There were really two conflicting criteria upon which monetary actions were ostensibly based: the Gold Standard and the Real Bills Doctrine. The Gold Standard was supposed to be quasi-automatic, with an effective limit to the quantity of money. However, the Real Bills Doctrine (which required that all loans be made on short-term, self-liquidating commercial paper) had no effective limit on the quantity of money. The rediscounting of eligible commercial paper was supposed to lead to the required “elasticity” of the stock of money to “accommodate” the needs of industry and business. Actually the rediscounting of commercial paper, open market purchases, and gold inflows all had the same effects on the money stock.

The 1920-21 Depression

During the First World War, the Fed kept discount rates low and granted discounts on banks’ customer loans used to purchase V-bonds in order to help finance the war. The final Victory Loan had not been floated when the Armistice was signed in November of 1918: in fact, it took until October of 1919 for the government to fully sell this last loan issue. The Treasury, with the secretary of the treasury sitting on the Federal Reserve Board, persuaded the Federal Reserve System to maintain low interest rates and discount the Victory bonds necessary to keep bond prices high until this last issue had been floated. As a result, during this period the money supply grew rapidly and prices rose sharply.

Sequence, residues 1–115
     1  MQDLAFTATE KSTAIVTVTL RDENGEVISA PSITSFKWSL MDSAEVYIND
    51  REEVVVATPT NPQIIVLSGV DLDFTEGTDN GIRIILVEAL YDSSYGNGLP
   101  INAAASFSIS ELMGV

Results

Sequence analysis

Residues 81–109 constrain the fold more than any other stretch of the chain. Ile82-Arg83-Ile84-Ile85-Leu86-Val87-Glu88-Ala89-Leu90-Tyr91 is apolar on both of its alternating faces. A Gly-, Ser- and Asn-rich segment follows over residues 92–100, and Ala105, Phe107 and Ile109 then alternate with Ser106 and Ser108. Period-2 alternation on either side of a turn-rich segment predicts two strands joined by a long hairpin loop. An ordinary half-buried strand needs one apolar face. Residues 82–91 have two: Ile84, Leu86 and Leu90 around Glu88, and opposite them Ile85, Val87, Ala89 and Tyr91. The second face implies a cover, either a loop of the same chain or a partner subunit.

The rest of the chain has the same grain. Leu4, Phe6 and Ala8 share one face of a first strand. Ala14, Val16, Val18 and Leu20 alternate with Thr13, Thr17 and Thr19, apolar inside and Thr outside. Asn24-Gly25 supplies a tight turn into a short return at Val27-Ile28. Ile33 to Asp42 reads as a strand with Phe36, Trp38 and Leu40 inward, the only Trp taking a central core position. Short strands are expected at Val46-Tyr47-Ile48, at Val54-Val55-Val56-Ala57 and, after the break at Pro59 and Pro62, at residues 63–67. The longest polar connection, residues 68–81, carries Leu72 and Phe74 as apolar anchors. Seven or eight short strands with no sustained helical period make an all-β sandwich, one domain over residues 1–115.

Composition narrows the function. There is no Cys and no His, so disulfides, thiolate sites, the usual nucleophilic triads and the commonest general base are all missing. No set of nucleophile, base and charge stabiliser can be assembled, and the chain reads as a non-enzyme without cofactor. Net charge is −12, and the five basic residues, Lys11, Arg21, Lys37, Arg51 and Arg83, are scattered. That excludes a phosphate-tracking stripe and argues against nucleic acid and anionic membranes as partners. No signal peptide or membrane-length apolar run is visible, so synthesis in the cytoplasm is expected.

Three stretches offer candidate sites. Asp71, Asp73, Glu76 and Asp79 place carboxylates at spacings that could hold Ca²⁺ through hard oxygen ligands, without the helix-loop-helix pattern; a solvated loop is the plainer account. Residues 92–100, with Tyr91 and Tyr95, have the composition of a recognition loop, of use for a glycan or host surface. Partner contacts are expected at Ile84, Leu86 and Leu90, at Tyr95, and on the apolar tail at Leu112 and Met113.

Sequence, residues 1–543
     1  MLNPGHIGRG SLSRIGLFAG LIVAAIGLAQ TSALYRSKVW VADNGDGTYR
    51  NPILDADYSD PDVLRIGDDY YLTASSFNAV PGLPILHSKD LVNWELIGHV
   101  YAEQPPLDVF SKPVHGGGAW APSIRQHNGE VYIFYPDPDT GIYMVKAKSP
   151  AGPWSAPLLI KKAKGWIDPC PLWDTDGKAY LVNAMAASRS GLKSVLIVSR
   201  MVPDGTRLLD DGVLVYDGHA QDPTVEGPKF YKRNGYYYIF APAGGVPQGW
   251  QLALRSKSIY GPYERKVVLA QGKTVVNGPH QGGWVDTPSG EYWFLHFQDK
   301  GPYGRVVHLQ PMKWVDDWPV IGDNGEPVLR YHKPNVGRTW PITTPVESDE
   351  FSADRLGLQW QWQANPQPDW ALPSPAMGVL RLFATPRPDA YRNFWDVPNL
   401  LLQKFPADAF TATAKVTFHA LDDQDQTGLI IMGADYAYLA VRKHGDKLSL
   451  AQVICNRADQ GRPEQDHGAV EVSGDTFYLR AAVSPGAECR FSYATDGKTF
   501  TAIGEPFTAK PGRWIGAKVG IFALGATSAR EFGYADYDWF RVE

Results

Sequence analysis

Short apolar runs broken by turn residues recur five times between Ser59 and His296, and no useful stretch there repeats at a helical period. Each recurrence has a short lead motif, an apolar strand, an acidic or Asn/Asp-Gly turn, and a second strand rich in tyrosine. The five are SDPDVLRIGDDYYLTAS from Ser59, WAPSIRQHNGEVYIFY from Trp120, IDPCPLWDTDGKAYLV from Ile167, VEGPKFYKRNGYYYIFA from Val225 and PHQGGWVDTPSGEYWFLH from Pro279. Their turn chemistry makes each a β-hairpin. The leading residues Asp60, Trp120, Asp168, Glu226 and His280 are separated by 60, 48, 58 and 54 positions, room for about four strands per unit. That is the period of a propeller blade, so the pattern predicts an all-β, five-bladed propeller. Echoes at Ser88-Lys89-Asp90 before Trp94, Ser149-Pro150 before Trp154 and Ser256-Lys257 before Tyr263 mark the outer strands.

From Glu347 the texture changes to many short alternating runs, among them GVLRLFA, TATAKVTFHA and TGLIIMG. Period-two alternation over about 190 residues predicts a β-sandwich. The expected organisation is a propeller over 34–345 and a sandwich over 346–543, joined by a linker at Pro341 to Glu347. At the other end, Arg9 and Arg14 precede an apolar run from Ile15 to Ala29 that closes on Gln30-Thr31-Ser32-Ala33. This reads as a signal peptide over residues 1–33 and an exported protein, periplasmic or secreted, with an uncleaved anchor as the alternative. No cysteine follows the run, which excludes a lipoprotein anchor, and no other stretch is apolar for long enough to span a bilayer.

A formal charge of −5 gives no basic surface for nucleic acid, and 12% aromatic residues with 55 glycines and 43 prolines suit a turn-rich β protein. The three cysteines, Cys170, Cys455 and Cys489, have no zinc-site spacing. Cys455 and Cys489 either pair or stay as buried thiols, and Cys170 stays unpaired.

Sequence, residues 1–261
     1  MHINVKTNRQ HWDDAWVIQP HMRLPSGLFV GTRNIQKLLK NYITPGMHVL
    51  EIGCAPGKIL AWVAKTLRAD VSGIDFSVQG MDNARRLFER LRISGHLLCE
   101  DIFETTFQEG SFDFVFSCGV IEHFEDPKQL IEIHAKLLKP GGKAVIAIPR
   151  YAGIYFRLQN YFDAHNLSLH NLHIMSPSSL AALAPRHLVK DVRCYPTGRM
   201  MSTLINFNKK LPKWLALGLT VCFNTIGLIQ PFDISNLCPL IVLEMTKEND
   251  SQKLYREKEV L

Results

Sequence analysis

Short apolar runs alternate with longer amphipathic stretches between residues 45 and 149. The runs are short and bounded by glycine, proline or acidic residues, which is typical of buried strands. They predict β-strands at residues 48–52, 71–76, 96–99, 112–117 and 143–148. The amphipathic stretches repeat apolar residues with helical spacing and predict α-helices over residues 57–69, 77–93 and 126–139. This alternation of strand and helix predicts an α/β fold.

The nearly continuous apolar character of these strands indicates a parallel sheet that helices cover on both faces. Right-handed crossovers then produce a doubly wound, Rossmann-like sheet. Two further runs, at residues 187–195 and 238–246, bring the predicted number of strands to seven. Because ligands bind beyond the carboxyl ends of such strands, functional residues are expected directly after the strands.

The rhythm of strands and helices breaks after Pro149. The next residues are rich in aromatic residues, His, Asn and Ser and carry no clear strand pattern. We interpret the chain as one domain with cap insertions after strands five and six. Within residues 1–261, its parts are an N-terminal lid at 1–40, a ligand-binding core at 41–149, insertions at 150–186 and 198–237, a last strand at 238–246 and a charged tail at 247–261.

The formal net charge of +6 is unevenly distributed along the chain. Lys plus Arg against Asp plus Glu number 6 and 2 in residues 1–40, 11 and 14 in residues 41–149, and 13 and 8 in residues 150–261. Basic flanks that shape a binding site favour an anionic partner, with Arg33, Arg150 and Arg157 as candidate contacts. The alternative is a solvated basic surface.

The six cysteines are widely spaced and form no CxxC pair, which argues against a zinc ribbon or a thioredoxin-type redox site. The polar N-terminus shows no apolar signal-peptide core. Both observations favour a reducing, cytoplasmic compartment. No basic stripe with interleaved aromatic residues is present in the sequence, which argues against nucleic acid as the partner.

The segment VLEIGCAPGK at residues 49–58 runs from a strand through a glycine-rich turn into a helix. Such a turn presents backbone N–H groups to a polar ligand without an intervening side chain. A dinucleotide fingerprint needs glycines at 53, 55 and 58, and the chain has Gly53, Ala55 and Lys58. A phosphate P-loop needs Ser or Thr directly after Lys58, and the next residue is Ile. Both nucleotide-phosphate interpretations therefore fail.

A shift from a federal deficit to a surplus and supply disruptions due to steel and coal strikes in 1919 and a railroad strike in early 1920 contributed to the end of the boom. But the most—common view is that the Fed’s monetary policy was the main determinant of the end of the expansion and inflation and the beginning of the subsequent contraction and severe deflation. When the Fed was released from its informal agreement with the Treasury in November of 1919, it raised the discount rate from 4 to 4.75 percent. Benjamin Strong (the governor of the New York bank) was beginning to believe that the time for strong action was past and that the Federal Reserve System’s actions should be moderate. However, with Strong out of the country, the Federal Reserve Board increased the discount rate from 4.75 to 6 percent in late January of 1920 and to 7 percent on June 1, 1920. By the middle of 1920, economic activity and employment were rapidly falling, and prices had begun their downward spiral in one of the sharpest price declines in American history. The Federal Reserve System kept the discount rate at 7 percent until May 5, 1921, when it was lowered to 6.5 percent. By June of 1922, the rate had been lowered yet again to 4 percent. (Friedman and Schwartz, 1963)